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Compose music using Indian ragas


drillkicker
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I've been reading about Indian music and I'd be thrilled to be able to play around with the ragas and shrutis myself. Does anybody experience in setting up microtones in a way that would allow me to digitally generate them? It seems like it will be a complicated and frustrating process to generate tones with such intricate structures, so I could probably use some tips before I attempt it.

Edited by drillkicker
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I've been reading about Indian music and I'd be thrilled to be able to play around with the ragas and shrutis myself. Does anybody experience in setting up microtones in a way that would allow me to digitally generate them? It seems like it will be a complicated and frustrating process to generate tones with such intricate structures, so I could probably use some tips before I attempt it.

 

I was about to say that Indian classical music doesn't use microtones

And then I started to doubt myself

And so I started googling around to find some clarification

 

And then I realized that you were probably talking about just temperament...?

 

I mean, I would say that you could either:

a) forego just temperament altogether, or

b) painstakingly program the pitch-bend CC information for each note, or

c) find a synth that lets you switch tuning systems, or

d) use multi-sampled instrument with a keyboard sampler and manually tune each sample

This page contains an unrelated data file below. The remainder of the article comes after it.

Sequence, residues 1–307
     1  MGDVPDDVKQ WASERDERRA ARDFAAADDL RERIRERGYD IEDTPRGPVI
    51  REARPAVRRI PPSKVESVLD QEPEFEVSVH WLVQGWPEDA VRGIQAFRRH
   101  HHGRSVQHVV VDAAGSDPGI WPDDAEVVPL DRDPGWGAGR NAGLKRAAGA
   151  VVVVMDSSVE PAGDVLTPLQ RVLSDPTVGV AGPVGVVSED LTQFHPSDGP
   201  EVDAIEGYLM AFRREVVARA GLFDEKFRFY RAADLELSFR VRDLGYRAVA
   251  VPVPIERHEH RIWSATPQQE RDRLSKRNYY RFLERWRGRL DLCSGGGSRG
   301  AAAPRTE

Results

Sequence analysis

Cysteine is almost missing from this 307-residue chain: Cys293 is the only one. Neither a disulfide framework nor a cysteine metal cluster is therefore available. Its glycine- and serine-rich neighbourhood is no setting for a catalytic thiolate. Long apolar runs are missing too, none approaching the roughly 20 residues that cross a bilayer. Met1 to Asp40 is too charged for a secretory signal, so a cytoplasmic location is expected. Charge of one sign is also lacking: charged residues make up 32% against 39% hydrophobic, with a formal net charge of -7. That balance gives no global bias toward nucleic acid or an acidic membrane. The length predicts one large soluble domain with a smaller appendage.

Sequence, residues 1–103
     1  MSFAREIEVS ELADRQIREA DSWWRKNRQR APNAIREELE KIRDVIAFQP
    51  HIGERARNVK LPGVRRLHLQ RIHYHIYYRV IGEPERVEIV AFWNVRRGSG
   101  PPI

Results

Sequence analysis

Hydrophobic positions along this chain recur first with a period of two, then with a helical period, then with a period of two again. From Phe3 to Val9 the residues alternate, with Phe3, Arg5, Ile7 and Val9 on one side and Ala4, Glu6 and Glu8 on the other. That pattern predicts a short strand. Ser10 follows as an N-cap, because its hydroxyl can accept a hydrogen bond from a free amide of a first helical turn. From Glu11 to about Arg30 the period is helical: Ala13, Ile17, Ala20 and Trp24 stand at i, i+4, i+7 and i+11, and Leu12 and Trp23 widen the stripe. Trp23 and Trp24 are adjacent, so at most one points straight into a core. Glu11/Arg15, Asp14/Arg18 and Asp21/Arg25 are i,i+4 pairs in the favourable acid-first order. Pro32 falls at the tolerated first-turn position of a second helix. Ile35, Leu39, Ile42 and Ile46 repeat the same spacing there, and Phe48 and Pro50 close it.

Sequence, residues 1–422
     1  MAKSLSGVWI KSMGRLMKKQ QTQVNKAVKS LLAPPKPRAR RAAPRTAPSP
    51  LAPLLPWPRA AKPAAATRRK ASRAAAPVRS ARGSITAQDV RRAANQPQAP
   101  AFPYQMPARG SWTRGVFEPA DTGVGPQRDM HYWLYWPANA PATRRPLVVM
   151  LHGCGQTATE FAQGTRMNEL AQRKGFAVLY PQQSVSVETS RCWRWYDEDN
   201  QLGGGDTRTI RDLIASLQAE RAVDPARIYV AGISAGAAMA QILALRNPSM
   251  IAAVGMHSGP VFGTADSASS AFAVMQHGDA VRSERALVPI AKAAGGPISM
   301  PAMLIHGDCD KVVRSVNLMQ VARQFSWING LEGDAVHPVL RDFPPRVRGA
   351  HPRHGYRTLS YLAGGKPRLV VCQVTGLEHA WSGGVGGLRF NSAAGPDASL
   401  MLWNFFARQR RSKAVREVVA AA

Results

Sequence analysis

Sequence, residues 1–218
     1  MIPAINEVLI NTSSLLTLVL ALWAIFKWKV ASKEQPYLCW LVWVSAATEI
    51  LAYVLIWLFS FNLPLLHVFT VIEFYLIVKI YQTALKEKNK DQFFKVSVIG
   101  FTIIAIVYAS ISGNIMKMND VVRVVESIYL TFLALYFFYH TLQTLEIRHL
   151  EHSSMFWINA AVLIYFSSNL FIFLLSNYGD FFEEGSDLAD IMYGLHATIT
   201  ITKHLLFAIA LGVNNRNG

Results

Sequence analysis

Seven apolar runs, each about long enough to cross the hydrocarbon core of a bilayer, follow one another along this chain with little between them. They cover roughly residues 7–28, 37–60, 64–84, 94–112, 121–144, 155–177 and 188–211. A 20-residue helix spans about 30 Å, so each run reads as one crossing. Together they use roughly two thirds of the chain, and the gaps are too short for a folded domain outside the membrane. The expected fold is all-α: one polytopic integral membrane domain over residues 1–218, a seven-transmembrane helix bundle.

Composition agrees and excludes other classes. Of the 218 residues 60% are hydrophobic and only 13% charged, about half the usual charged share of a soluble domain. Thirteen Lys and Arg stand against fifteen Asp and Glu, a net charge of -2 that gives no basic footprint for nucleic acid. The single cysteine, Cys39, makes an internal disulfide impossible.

I guess it depends how important it is to you

Edited by LimpyLoo
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The tones in Indian classical music are microtonal in that they're based on the smallest tonal intervals that can be heard, meaning there are many more of them, and therefore many more modes and rules accompanying them. Having every note split into 2-4 different tones is why I called it microtonal. It would take a very long time to program. I don't have a synth that does pitch bend, but I think it would be easier to just put the actual frequency values of the notes directly into an oscillator like I normally do. The thing is that generative sequences are going to be more difficult to set up due to how complicated the ragas are compared to the seven Western modes. It also doesn't help that all of the formal education I've had in music theory has been based on Western systems, and that Indian classical music theory is a mostly unfamiliar system to me.

 

But I think it would be much more interesting to program than regular MIDI notes because of the emphasis on improvisation in Indian music. It seems like a great system to use for generative music.

Edited by drillkicker
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EDIT:

 

I picked up this book a couple of years ago and it's very good but dense. There is a lot more to ragas than jsut the notes used in them, and this is aimed at serious students of North Indian classical theory so it goes farther than I and probably most an of us would really need. Great resource, though, particularly the chapters on the acoustic interaction between drone and raga.

Edited by RSP
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